• There is no loud and clear authoritative voice saying the story is unbelievable. That is to say, the churches are silent, the Government is silent. The police stand around and say ‘ok, just torture her a little but don’t kill her. If no one is standing up and calling ‘evil evil’, who will stand up and do it? Someone has to go first. At the national and international level. And down the line. We must take a stand.
  • There is no counter or opposite Story. No one is gossiping in the buai market about how there is no such thing as sanguma. No one is whispering in the classrooms of the nation about how awesome it is that someone is taking a stand on behalf of the innocent and oppressed. No one is wishing that they too, when they grow up, could be someone who stands up for others and defends their rights. Instead, everyone in a child’s life, from the church to the family to the peer group to the school, they’re all telling the child that sanguma is real and dangerous. Of course the child thinks it is true.
  • In this time of rapid and uncertain change in PNG, this situation is benefiting the perpetrators. Young men who are otherwise a worthless drain on society now have a way to be powerful. They have a way to destroy a family and intimidate an opposing clan which has zero repercussions on themselves or their own clans. They can, literally, get away with murder. They matter.
  • It provides answers for life’s important questions: Why did this bad thing happen? (The sanguma lady did it.) What can we do about it? (We can torture her.) How can we be safe? (We can hunt down her fellow sanguma and kill them too.) Who are we? (We’re the normal people, and we’re going to get rid of those sanguma people.)
  • It is popular. People think that “everyone” believes it. I can’t tell you how many times I’ve been told that “Papua New Guineans are spiritual” or that “Even all the politicians believe in it, that’s why they won’t say anything.” For people who believe the story, they think they are the popular majority and thus have no reason to question their own beliefs.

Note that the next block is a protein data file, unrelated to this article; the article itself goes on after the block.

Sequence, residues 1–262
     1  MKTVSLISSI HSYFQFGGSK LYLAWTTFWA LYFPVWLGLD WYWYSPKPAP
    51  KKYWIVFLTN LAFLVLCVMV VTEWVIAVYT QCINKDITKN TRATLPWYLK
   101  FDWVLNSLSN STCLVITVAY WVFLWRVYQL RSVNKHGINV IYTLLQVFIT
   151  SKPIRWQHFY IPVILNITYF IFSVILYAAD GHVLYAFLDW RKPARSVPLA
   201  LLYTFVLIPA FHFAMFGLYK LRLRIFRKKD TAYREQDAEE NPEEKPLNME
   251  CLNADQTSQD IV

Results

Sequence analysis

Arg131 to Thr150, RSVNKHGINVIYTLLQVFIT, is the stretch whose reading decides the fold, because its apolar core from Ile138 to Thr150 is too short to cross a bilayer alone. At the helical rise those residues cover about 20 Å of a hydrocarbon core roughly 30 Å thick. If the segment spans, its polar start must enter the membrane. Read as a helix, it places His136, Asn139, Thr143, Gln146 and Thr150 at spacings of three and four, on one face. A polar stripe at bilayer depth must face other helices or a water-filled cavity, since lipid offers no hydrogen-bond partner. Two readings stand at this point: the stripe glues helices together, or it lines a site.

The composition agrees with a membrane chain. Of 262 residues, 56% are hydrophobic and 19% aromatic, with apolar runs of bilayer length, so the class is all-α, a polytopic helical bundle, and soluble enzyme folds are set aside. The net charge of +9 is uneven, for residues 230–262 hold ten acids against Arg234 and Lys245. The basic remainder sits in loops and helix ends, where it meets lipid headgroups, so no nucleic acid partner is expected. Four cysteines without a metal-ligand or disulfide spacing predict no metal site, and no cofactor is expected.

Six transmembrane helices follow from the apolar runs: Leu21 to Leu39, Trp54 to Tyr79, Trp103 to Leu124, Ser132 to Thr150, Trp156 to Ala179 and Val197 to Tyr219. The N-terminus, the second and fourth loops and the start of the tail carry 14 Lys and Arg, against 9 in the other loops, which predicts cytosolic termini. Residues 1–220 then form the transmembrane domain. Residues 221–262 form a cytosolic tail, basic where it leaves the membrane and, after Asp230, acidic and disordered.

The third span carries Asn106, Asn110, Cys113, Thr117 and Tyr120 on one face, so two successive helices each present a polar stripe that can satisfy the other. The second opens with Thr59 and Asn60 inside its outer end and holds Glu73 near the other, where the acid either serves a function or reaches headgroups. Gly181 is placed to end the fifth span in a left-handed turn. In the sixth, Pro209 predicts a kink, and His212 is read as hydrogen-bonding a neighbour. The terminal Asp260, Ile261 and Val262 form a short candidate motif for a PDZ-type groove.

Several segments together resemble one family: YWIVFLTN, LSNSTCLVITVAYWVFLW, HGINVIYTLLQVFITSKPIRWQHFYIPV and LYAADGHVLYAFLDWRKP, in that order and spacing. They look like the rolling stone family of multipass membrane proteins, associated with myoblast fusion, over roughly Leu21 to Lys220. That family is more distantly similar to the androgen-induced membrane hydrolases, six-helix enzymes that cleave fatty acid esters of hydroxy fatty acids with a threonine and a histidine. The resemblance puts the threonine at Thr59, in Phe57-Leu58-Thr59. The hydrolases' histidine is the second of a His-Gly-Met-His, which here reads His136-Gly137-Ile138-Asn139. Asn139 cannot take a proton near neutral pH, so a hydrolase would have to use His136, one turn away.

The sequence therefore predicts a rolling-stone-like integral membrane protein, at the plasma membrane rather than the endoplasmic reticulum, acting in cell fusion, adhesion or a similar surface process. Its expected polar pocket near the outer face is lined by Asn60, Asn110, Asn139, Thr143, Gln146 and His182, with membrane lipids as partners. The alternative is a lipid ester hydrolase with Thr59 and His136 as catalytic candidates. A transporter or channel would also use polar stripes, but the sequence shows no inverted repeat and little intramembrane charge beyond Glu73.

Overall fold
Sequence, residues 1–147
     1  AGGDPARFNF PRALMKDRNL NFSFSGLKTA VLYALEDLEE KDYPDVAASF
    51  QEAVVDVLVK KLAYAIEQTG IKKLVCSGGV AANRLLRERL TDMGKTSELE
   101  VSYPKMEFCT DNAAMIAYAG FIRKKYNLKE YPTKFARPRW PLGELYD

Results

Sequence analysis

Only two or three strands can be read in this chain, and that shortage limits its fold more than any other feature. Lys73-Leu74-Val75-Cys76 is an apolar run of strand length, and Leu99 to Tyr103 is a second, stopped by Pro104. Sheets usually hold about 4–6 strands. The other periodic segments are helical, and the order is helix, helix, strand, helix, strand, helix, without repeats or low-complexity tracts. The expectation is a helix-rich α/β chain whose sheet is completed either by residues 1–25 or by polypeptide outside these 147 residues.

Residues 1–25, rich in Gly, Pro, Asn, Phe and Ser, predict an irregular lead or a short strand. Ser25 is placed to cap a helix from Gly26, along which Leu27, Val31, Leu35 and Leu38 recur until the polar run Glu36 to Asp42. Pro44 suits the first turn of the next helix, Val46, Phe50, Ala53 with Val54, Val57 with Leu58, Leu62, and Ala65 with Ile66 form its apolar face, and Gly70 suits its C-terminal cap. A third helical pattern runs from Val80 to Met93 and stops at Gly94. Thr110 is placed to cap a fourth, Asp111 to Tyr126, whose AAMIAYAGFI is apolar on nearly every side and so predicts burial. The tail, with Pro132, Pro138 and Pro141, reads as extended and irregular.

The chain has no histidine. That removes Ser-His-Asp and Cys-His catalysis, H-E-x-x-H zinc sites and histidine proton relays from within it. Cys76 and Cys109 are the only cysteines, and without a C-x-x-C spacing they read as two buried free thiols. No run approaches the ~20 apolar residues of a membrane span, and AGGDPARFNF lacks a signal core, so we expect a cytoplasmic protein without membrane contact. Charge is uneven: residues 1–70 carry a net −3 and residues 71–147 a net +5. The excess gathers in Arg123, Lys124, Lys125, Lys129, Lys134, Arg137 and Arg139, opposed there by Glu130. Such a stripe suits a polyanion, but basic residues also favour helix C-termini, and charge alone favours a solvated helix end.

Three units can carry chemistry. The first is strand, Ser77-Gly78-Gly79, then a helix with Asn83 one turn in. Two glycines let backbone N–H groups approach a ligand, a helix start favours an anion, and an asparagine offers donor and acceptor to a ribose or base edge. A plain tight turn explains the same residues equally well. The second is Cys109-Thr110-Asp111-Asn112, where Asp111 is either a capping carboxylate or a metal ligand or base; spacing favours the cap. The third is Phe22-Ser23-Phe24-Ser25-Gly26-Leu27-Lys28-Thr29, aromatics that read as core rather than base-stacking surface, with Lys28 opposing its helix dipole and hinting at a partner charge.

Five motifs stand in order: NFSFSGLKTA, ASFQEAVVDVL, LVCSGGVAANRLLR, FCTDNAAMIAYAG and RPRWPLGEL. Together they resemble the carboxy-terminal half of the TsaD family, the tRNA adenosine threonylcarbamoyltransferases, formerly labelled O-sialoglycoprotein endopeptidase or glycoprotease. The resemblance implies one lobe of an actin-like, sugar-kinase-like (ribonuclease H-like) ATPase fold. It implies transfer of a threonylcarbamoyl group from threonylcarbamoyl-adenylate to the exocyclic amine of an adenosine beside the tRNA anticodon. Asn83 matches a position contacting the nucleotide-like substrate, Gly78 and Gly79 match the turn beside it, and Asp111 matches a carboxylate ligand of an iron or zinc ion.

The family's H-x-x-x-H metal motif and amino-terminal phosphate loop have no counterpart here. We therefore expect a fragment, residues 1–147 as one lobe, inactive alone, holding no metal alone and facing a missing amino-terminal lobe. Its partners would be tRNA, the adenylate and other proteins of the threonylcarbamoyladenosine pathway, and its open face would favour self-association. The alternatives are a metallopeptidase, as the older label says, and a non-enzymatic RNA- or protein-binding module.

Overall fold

• People think it is in line with their Christian beliefs. They think that because the word sanguma is in the Buk Baibel and because the Bible talks about Satan and demons which are in people, and which go into a herd of pigs, that therefore everything they believe about sanguma is therefore supported by the Bible. This sad situation has come about because the churches have become so fragmented and in the process, any Tom Dick and Harry can stand up and call himself a pastor. Not only that, but with the modern flood of “Christian” resources in print and online, anyone can find anything to support their crazy ideas. Actual theological research, debate, training and qualifications hardly exist anymore. Anything goes. And so-called Christians are clapping their hands as women are tortured to death.
  • People think that the PNG Constitution, specifically the Sorcery Act of 1971, used to hold the sanguma people in check.  But now that the Act has been repealed, the witches have been released and are allowed to do whatever they want. Therefore, good citizens must take matters into their own hands and deal with the evil sanguma ladies themselves. If sorcery was not real, they argue, why was there a Sorcery Act preventing sorcerers from doing sorcery?
  • When people watch movies, they cannot distinguish between fact and fiction. This is largely a function of lack of general education (such as that there is no such thing as a vampire). I’ve now heard several times that sanguma started in California. It was all I could do to not laugh out loud.
    Meantime, something wicked this way comes.